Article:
Areas: Stock tanks and springs throughout the desert regions of the unit (see USGS Topo maps). Mohave Valley, located along Highway 95 south of Bullhead City. Mohave Valley dove hunters should acquire a copy of a current land status map of Mohave Valley. Many of the lands are on the Fort Mojave Indian Reservation and fall under tribal authority. For a map of tribal land and information on purchasing Fort Mojave Tribal hunting permits, contact the Fort Mojave Tribe Animal Control Division.
Tips: Pre-season scouting is very important in having a successful season opener. While scouting, look for areas where doves feed, water, and roost. Keep in mind the safety issues with occupied buildings, livestock, and roads. Obtain a copy of the Migratory Bird Regulations and become familiar with legal shooting hours, bag/possession limits, firearm restrictions, one-feathered wing, etc.
It is a violation of Arizona State Law to leave any litter in the field. Spent shotgun shells are litter. Please make sure your party leaves with all empty shotgun shells. It is important in keeping public lands open to hunting.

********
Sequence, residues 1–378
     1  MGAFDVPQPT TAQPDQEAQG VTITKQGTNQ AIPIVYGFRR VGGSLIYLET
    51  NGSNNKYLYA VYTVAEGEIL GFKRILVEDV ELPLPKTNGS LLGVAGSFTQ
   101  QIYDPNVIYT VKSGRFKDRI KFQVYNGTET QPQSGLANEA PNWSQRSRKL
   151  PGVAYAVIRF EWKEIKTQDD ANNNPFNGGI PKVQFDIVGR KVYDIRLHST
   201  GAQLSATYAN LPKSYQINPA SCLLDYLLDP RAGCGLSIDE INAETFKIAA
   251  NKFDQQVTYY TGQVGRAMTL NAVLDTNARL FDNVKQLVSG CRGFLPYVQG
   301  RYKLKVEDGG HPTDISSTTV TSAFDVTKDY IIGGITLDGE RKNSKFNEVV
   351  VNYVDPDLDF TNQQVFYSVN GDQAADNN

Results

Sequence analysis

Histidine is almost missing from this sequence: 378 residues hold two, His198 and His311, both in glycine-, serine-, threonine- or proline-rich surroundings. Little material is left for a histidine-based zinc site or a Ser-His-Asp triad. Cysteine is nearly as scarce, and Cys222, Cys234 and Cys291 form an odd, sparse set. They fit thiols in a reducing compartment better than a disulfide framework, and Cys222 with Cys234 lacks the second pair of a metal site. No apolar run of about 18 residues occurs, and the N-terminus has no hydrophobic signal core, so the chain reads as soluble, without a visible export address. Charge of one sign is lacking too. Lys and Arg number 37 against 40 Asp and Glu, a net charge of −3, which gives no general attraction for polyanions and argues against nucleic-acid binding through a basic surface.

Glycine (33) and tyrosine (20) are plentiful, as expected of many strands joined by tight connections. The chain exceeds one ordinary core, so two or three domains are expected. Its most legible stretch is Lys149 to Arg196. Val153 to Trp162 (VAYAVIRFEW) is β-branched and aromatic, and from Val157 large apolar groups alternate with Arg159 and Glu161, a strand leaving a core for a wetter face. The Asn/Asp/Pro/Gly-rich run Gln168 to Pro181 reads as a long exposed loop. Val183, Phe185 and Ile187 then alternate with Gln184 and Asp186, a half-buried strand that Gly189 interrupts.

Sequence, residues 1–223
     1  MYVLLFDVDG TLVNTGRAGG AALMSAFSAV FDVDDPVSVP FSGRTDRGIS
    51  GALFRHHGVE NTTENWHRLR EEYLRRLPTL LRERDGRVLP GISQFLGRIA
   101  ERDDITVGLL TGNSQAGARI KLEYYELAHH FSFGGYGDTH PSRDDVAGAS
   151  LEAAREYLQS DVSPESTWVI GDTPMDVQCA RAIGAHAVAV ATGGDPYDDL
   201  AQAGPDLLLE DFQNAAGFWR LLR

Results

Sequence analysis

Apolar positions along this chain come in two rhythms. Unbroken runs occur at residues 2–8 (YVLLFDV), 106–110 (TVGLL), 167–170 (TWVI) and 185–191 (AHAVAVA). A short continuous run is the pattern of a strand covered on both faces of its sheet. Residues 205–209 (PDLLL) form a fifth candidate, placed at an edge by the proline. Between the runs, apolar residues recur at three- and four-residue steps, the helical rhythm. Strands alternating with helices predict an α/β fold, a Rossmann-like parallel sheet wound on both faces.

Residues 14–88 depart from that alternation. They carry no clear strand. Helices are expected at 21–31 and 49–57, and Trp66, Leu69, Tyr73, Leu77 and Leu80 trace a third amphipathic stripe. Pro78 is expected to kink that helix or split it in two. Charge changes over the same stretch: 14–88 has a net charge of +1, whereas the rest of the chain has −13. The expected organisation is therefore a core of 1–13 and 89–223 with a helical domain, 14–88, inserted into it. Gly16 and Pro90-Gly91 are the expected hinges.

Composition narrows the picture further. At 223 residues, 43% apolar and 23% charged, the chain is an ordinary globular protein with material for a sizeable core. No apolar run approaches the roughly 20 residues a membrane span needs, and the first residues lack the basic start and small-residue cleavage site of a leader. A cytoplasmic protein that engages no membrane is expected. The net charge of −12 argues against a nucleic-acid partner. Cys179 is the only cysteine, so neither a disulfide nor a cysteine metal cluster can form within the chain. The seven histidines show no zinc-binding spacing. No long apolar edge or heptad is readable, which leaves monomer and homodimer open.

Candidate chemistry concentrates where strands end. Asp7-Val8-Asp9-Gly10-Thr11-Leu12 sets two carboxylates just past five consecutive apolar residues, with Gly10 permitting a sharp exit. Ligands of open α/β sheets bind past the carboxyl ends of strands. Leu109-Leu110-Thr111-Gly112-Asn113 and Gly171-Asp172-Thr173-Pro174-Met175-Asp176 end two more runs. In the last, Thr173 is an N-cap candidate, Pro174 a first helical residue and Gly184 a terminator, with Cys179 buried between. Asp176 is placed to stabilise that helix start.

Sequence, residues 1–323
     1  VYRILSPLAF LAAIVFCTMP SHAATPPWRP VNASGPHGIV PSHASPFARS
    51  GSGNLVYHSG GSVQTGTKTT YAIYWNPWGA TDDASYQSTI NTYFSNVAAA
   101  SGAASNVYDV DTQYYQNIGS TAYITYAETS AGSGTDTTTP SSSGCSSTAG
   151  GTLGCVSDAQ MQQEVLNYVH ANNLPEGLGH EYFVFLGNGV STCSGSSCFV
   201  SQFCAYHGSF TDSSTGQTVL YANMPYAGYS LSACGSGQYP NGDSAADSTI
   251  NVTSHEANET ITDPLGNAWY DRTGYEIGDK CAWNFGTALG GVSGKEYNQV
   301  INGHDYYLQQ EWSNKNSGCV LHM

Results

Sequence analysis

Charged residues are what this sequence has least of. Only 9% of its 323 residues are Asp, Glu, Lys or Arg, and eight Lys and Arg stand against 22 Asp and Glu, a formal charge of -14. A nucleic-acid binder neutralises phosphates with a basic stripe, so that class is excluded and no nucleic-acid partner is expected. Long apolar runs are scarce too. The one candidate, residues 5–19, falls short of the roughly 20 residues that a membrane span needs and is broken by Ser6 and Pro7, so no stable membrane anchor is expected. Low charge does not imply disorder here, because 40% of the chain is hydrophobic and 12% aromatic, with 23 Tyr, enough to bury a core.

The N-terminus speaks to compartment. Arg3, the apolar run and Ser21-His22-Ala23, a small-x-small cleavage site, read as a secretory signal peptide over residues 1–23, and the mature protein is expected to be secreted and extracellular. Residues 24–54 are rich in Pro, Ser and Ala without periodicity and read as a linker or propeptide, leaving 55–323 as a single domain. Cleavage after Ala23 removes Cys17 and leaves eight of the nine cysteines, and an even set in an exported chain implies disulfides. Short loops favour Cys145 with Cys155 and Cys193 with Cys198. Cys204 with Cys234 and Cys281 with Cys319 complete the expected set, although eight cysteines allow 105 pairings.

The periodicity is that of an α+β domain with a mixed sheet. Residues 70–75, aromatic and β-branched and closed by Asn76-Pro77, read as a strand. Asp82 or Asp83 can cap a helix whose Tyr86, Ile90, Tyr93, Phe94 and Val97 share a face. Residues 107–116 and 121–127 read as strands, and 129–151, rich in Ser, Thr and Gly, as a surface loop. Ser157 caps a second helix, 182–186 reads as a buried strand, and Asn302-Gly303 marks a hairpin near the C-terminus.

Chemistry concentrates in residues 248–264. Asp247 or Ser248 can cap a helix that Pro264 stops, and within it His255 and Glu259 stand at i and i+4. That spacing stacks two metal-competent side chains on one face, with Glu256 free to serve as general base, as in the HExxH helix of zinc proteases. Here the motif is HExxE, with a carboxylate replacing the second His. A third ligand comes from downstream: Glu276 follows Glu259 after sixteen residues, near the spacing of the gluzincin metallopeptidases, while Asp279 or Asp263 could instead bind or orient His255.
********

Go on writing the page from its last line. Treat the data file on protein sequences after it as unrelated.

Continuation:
Overview: Gambel’s quail can be found throughout the desert scrublands and thickets in Unit 15D. Concentrate your efforts near permanent water sources (springs, stock tanks and washes). Quail reproduction is closely tied with the amount of rainfall from December-April to produce succulent new green plants and seeds for quail to feed on and provide cover from predators.
Areas: Stock tanks and washes throughout the Sacramento Valley area; just be careful of new houses and developments in the area.
Washes on the west side of the Black Mountains (Silver Creek, Mossback, Grapevine, Spring, and Cottonwood Canyons). You can access the areas on the west side of the Blacks by taking the Bullhead Parkway off Highway 95 to Silver Creek Road and head east (USGS Topographic map-Oatman Quadrangle). Areas will be clearly marked on the topo map.
Be aware of wilderness area boundaries and posted private lands.
Tips: Spend time before the season scouting for birds and have a backup plan if somebody is in your secret spot on opening day.